As we chugged across a 355-foot-high bridge linking mountain passes in the rugged Sierra Madre in northern Mexico, my 75-year-old father, Gordon, stood between two vintage railway cars and gazed straight down at a footbridge suspended hundreds of feet below. A retired electronics engineer, he marveled at the technological feat that is the Chihuahua-Pacific Railway. Running through Mexico's Copper Canyon, its 435 miles of track climb from sea level on the Pacific Coast to more than 8,000 feet above sea level--across 36 bridges and through 87 tunnels.
Copper Canyon is deeper and bigger than the Grand Canyon, and for hours, our family watched, transfixed, as the dramatic scenery rolled by. First, the train went through carefully tended plots of corn, then landscapes thick with cactus and thorn trees. Next came a tropical valley dotted with palm trees, bananas, and mangoes, and finally, after a 3,900-foot climb complete with a loop and switchbacks, we emerged from a tunnel to find ourselves at the top of pine-studded canyons with views stretching for 100 miles.
The Copper Canyon trip is one of the world's most spectacular train adventures. The railway was the brainchild of Albert Owen, an American who in the 1870s dreamed of a rail-cargo link between Mexico's port of Topolobampo and Kansas City, Mo. It took nearly 90 years and $90 million to build and wasn't inaugurated until 1961. Today, it's the only direct link between the Pacific Coast and Chihuahua, a mining and cattle capital.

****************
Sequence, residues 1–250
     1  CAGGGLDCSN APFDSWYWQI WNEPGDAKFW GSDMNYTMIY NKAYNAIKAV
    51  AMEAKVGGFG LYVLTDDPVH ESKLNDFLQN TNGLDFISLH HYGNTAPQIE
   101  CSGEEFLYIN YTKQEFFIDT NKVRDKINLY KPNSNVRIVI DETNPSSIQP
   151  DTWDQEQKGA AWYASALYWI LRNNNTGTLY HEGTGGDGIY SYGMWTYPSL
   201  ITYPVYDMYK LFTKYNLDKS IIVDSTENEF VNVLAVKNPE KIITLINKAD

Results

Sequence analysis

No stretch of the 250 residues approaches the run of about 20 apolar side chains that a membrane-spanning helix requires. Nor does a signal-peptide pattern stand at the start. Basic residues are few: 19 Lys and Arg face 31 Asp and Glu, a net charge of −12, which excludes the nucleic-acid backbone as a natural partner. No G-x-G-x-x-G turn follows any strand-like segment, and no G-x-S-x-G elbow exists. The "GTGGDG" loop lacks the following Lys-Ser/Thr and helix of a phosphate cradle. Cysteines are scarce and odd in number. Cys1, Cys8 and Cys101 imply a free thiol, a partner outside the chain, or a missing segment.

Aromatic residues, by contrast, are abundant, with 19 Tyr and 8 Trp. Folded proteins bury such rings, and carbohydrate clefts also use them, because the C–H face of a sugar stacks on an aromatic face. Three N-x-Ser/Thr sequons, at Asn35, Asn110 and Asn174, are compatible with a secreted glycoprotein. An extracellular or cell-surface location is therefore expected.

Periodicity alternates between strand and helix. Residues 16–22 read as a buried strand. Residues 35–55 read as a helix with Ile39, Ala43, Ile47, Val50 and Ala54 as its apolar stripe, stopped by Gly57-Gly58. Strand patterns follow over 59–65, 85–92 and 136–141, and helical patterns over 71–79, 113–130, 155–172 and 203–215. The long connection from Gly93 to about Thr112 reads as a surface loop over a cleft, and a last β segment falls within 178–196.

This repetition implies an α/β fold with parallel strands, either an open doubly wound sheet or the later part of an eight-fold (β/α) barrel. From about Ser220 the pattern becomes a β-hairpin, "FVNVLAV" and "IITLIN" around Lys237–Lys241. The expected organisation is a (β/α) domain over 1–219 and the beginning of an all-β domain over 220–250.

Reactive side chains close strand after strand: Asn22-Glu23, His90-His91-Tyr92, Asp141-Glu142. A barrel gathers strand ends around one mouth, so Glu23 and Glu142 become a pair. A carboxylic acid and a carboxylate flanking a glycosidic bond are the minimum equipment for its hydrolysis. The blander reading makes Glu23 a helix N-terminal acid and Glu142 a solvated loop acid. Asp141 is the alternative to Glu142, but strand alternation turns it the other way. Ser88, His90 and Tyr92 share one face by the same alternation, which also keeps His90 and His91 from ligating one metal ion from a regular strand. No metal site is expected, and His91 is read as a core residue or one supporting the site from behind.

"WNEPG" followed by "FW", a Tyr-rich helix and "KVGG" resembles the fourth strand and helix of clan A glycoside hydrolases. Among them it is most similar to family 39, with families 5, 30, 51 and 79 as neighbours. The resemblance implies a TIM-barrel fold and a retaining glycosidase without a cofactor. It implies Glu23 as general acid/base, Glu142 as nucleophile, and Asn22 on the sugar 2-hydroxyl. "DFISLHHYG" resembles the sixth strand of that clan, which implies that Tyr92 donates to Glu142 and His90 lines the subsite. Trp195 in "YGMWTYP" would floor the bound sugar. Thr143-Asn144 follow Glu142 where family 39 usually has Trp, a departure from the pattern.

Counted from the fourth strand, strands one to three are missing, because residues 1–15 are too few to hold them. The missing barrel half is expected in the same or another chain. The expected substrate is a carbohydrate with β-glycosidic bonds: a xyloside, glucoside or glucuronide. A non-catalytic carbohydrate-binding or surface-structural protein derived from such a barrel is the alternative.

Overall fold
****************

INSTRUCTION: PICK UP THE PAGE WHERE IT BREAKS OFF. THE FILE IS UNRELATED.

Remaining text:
Our trip started just after dawn outside of Los Mochis, in Mexico's Sinaloa state. We hopped onto a gleaming, 1940s-vintage stainless-steel railcar, one of 15 refurbished and operated since 1994 by Copper Canyon Limited, a service of the Houston-based Mexican-American Railway. Bilingual stewards serve snacks and meals and a tour director describes the train's history and the vegetation and wildlife along the way.
These luxury trains cater to the thousands of foreign tourists who travel through the canyon each year. The cars have huge windows and spotless bathrooms, unlike the regular--and cheaper--passenger train cars. It takes 16 hours to reach Chihuahua, but, like most passengers, we stopped at several points along the route, staying at hotels and taking excursions to local villages and waterfalls. One of the most worthwhile stops is Divisadero Barrancas, the midpoint of the train ride, where we stayed at a dramatic cliffside hotel, the Posada Barrancas. Each room has a balcony offering a panoramic view of the canyon. We also enjoyed Cerocahui, a pretty little village that started as a Catholic mission outpost in 1681. There, we stayed at the Paraiso del Oso, a small, eco-friendly lodge lit by gas lanterns and run by an American, Doug "Diego" Rhodes. He took us on a hike to a Tarahumara cave burial ground and on a spectacular drive to the nearby Urique Canyon, with its magnificent vistas.
Our trip lasted five days--and we would have liked a few extra days to squeeze in more outings. If you go during peak seasons--mid-OctobeR through early December and late February through April--reserve early because tour groups often snatch the best rooms. And expect surprises: A year ago, the railroad added two-way radios and guards after bandits on horseback attacked the train, shooting to death a Swiss tourist. Surprisingly, news reports of the attack barely affected bookings. On the other hand, having seen Copper Canyon, I wouldn't let it keep me away, either.